The Moon still holds numerous unanswered questions, and among these, perhaps the most interesting is the one regarding its lost magnetism. Why is it that the Moon had magnetism? Now, two teams working separately seem to have found two complementary explanations.
It all started when the Apollo missions brought back samples of moon rocks from their lunar landing missions in the 60s and 70s. Some of these samples absolutely shocked researchers, because they were magnetic – a fact which was totally unexplainable at the moment.
Rocks can have a magnetic north and south pole, as well as a small magnetic field of their own, if they have the right mineralogical composition and they cool in a magnetic field. The problem is, the Moon didn’t ever seem to have a magnetic field, so the problem seemed to be without answer.
A magnetic field can be generated by a dynamo, which is caused by fluid motion through a conducting material, such as liquid iron, for example. In the case of our planet, this motion occurs in the outer core, caused by the convection currents. However, the Moon isn’t large enough to have such a hot, viscous outer core, so convection doesn’t occur.
In a new proposal, Christina Dwyer of the University of California, Santa Cruz, and her team, suggest that the moon’s mantle, which is a solid-rock middle layer, stirs up the liquid iron core. They believe this happens because the Moon’s mantle and core revolve around slightly different axes, and their boundary isn’t perfectly spherical, so this causes them to mix up here and there.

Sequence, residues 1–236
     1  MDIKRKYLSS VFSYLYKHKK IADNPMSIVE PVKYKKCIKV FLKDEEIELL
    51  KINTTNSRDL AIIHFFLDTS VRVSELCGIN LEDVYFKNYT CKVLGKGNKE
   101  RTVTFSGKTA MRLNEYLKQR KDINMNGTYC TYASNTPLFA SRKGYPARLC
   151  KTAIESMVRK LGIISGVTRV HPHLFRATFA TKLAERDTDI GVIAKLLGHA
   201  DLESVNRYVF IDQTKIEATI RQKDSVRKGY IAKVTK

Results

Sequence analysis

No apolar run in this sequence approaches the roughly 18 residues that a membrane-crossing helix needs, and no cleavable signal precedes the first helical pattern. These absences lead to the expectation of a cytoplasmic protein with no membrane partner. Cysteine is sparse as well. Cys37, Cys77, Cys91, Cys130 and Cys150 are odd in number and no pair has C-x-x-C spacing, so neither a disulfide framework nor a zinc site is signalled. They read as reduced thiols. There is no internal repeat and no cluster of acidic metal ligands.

The degree at which they mix depends on the angle between the core and the mantle, and the distance between the Earth and the moon, due to the gravitational tug that our planet exerts on its satellite. Based on their calculations, the resulting magnetic field would have lasted about 1 billion years, somewhere between 2.7 and 4.2 billion years ago.
“Based on what we know about stirring, and everything we know about fluid motion, we can find no reason that this would not work,” Dwyer said. “All the flags are go, and now this needs to be taken to the next level to get tested.”
Dwyer also expressed the hope that scientists who focus on dynamo modelling step in and explain if this is actually what happened to the Moon.
However, this isn’t the only new theory on the block. In the same issue of Nature, Michael Le Bars of the French National Center for Scientific Research and the Université Aix-Marseille in France with his colleagues suggests another explanation for a lunar magnetic field.
They also believe that the lunar mantle stirred the core, but they believe this was caused by impacts with large bodies which slammed into the Moon and changed its rotation rate, thus creating a discrepancy between its mantle and its core. While both theories have a good chance of being correct, a third option, a combination of the two, is also possible.
“The two studies are thought-provoking and may be complementary,” Dominique Jault, a researcher at ETH Zürich in Switzerland and the Université Joseph-Fourier in France, who was not involved in either new study, wrote in an accompanying essay in the same issue of Nature. “Future palaeomagnetic experiments on samples from very old lunar rocks will enable their theories to be tested.”
Andrei's background is in geophysics, and he's been fascinated by it ever since he was a child. Feeling that there is a gap between scientists and the general audience, he started ZME Science -- and the results are what you see today.